5 "Musts" For Successful Business Relationships
By: Jonathan R Taylor
Whether we own our own business or work in a "sea" of other employees, we all have to deal with and relate to other people - people who often get on our nerves, don't think like us, or just aren't interesting. Theodore Roosevelt once said, "The most important single ingredient in the formula of success is knowing how to get along with people." So what does this "getting along" look like? Here are 5 time-tested skills that you can cultivate to improve your relationships with customers and co-workers.
1. Listen - It is so easy, in conversation, to think about what you are going to say next or to let your mind drift to what you are going to do later in the day. If you actually listen to the other person with sincere interest, you will stand out as someone that is good to "do business with" because you care and are interested in solving the problems of others. Above all, don't interrupt. There is nothing that says "I don't care!" more than interrupting the person you are talking to.
2. See The Other Person's Perspective - "If there is any one secret of success," said Henry Ford, "it lies in the ability to get the other person's point of view and see things from that person's angle as well as from your own." Imagine what a boring world you would live in if everyone thought just like you. This doesn't mean that some ideas are not superior to others, but in dealing with other people, you must remember to take every idea into consideration and make the other person feel validated.
3. Remember Names - Who doesn't like to hear the sound or their own name or see their name in print? Think about that the next time you visit the Washington Monument or see an advertisement for a business named after the founder. Dale Carnegie stated it this way, "We should be aware of the magic contained in a name and realize that this single item is wholly and completely owned by the person with whom we are dealing...and nobody else. The name sets the individual apart; it makes him or her unique among all others. The information we are imparting or the request we are making takes on a special importance when we approach the situation with the name of the individual. From the waitress to the senior executive, the name will work magic as we deal with others."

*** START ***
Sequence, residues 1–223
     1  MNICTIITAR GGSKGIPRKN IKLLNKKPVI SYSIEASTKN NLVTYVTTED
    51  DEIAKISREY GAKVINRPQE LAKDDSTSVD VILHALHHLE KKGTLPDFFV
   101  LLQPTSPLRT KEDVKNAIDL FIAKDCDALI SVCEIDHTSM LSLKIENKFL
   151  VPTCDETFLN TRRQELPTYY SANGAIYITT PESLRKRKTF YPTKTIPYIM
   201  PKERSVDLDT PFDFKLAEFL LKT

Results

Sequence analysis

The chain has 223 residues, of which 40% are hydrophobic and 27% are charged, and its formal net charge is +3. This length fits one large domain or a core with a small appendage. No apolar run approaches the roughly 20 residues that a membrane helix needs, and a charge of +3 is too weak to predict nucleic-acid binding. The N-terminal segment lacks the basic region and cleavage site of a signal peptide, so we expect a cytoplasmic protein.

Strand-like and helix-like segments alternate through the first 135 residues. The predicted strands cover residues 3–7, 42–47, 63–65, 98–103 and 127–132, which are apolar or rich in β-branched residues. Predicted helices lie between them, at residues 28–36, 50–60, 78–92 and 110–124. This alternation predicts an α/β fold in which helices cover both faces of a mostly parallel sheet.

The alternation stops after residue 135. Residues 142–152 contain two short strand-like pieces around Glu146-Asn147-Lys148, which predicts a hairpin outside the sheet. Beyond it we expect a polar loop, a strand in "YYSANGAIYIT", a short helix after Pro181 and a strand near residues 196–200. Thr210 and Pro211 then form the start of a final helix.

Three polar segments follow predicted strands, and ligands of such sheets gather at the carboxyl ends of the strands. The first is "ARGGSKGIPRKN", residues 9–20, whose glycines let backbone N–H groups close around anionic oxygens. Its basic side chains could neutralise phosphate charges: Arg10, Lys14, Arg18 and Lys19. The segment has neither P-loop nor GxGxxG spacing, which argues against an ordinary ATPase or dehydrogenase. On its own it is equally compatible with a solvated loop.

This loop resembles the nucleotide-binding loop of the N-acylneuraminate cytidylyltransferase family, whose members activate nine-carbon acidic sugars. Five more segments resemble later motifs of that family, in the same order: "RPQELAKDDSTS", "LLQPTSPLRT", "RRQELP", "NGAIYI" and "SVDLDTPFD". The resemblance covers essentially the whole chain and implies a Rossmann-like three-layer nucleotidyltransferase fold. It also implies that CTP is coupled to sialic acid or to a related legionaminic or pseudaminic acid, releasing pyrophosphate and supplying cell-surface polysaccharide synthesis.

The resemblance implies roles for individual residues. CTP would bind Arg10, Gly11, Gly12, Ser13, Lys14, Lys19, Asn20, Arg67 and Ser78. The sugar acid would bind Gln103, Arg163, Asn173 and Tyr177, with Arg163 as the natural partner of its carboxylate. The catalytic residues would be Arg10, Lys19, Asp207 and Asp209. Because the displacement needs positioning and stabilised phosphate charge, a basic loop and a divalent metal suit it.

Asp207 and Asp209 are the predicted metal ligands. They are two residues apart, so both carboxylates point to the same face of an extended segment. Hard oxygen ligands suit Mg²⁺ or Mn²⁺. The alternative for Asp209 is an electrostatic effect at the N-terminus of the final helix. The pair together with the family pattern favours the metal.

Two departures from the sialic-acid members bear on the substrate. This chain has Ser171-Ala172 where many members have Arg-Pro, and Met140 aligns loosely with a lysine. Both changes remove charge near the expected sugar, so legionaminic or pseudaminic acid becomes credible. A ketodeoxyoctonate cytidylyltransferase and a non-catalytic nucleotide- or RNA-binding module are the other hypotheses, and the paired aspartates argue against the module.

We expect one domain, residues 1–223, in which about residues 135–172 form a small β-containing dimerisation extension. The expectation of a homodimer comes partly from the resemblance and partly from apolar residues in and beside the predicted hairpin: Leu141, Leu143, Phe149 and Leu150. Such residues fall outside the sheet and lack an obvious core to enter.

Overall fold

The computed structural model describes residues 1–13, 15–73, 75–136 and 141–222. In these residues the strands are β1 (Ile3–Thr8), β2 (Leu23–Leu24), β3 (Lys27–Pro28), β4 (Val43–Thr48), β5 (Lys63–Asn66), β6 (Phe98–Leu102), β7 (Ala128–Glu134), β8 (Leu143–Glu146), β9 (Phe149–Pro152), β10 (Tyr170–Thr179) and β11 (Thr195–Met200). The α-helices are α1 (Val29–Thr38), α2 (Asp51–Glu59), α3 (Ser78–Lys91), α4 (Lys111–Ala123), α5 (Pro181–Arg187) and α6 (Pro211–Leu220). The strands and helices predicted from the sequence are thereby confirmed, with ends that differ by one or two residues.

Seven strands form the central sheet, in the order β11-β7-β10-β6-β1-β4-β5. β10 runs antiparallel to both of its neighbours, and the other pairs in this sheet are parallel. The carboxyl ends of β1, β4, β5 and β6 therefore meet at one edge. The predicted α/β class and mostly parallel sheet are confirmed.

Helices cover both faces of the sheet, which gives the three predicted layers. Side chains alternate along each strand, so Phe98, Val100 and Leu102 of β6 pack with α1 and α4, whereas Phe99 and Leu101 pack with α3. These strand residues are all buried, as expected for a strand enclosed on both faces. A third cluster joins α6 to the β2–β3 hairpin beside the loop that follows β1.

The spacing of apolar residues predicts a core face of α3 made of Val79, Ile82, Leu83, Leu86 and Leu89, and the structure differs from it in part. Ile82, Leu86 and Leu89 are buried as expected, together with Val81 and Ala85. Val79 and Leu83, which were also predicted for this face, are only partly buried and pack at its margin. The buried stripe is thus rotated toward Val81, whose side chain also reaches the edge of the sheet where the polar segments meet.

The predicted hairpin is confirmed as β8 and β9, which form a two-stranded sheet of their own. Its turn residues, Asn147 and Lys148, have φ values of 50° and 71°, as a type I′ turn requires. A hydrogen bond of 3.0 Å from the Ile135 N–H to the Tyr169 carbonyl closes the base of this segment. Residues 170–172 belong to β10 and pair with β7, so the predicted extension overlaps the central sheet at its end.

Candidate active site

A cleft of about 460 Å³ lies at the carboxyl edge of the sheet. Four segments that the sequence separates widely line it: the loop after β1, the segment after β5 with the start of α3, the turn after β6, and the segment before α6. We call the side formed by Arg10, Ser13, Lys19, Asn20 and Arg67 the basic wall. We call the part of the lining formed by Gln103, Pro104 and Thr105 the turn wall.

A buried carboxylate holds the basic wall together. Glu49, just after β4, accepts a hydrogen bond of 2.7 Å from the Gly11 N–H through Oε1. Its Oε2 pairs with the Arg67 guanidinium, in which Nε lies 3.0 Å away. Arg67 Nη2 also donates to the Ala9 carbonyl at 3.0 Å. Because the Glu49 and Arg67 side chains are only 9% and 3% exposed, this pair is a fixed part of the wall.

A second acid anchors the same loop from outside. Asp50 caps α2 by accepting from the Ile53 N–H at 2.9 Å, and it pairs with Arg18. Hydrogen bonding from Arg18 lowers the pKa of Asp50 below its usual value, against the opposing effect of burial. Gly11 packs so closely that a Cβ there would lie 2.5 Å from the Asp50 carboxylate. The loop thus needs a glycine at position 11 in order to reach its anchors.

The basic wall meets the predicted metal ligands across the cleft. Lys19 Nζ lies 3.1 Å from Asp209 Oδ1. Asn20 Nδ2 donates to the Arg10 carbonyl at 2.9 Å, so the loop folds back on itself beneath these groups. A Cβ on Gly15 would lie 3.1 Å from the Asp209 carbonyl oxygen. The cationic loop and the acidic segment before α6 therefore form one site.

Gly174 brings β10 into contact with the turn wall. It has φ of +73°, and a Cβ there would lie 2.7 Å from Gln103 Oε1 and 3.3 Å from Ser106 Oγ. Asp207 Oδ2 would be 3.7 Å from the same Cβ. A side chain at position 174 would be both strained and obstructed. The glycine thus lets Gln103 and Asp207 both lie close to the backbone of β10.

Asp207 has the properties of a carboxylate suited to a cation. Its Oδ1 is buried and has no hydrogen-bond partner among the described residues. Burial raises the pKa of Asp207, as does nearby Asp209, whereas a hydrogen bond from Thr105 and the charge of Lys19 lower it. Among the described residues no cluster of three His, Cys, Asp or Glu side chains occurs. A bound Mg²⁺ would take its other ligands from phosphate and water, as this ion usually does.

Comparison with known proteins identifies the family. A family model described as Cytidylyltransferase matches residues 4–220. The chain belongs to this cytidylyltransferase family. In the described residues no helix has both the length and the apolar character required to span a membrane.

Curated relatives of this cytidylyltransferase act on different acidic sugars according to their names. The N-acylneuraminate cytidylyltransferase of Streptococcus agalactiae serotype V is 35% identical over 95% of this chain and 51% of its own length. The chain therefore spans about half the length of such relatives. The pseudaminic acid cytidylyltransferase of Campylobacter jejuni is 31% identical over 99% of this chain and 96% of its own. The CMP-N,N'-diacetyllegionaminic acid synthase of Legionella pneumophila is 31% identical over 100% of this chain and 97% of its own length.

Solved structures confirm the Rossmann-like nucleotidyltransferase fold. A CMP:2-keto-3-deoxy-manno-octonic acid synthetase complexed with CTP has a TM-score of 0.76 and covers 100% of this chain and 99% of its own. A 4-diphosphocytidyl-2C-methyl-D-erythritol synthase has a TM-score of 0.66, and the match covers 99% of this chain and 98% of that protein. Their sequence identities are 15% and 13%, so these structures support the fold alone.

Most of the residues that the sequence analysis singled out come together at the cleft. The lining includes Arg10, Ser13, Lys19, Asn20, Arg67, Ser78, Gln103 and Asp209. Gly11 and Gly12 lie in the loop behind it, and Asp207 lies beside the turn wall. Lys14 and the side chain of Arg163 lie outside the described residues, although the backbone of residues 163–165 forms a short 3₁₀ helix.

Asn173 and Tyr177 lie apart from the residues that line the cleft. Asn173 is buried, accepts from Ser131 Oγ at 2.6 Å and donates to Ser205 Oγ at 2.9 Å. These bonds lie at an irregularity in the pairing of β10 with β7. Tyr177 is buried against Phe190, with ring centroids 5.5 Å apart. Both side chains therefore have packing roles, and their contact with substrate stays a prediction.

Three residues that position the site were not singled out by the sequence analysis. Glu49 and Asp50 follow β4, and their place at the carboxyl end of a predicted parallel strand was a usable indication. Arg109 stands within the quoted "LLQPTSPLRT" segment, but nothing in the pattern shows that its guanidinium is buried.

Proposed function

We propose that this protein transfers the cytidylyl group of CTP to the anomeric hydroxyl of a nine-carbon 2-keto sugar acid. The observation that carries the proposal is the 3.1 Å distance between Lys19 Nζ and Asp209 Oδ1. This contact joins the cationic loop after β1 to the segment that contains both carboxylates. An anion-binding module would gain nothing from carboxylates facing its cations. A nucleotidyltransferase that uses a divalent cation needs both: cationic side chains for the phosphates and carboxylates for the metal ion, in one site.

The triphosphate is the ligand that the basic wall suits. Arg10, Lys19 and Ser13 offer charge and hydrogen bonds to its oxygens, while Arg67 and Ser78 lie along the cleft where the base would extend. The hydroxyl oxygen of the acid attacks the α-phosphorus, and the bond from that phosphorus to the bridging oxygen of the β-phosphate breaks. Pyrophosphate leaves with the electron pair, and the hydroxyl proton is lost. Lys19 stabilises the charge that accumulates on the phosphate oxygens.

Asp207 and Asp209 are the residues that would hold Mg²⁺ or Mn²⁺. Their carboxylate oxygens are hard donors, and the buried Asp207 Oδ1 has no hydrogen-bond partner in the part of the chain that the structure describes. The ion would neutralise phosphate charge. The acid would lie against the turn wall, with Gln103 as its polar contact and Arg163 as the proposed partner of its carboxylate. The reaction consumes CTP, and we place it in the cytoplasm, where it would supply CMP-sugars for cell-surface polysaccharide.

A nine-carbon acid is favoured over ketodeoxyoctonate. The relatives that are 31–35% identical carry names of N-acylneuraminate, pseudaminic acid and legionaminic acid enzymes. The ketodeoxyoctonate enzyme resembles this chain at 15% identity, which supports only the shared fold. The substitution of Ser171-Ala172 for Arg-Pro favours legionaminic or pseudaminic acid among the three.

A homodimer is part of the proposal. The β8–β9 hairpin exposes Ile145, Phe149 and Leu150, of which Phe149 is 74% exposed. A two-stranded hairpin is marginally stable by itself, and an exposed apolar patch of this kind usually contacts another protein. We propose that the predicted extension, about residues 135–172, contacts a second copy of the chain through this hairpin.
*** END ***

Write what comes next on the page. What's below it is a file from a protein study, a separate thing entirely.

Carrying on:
4. Encourage - Most people don't like to be criticized and will stay away from people who come across as condescending or critical. So, be careful of the way your body language, speech, and tone of voice are being perceived by people you interact with. If you aren't sure, ask someone you trust. And definitely, encourage those around you with your good sense of humor. Victor Borge, the famous comedian, once said, "Laughter is the shortest distance between two people."
5. Be Humble - Really, all of the above can be summarized in the admonition to be humble. How many people do you know who talk about themselves all the time or always seem to find a way to let you know how well they are doing? We are all this way at times, but you must strive to kill this character flaw in yourself! Esteem others as better than yourself and you are sure to find success in all that you do!
About the Author
Jonathan R Taylor is the author of The Coach's Career Tips and Resources. He helps his clients Love Their Work! You can subscribe at www.careercalling.com/ssubscribe.htm.